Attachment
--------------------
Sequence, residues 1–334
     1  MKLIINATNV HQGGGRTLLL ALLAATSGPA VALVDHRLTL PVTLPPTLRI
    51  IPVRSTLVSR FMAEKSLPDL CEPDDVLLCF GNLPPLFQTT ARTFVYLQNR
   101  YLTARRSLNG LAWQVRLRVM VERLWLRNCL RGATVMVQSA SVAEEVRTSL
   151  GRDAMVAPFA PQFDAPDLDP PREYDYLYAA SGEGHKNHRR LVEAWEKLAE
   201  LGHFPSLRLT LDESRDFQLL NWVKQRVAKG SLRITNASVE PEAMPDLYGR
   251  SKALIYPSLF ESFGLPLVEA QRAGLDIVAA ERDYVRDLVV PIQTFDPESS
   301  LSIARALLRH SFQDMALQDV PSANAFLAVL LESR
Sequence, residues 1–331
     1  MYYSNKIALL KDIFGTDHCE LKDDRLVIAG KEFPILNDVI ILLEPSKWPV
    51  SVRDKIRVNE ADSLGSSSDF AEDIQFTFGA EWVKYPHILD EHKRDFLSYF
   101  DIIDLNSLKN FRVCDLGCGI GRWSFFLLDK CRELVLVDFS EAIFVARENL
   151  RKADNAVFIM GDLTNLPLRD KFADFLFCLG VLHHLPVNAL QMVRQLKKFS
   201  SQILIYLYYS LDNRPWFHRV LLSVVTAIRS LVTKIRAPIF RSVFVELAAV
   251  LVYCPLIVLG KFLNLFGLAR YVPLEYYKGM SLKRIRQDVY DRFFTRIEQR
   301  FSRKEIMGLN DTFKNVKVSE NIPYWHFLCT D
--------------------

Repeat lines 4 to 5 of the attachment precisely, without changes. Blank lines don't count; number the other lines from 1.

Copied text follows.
   101  YLTARRSLNG LAWQVRLRVM VERLWLRNCL RGATVMVQSA SVAEEVRTSL
   151  GRDAMVAPFA PQFDAPDLDP PREYDYLYAA SGEGHKNHRR LVEAWEKLAE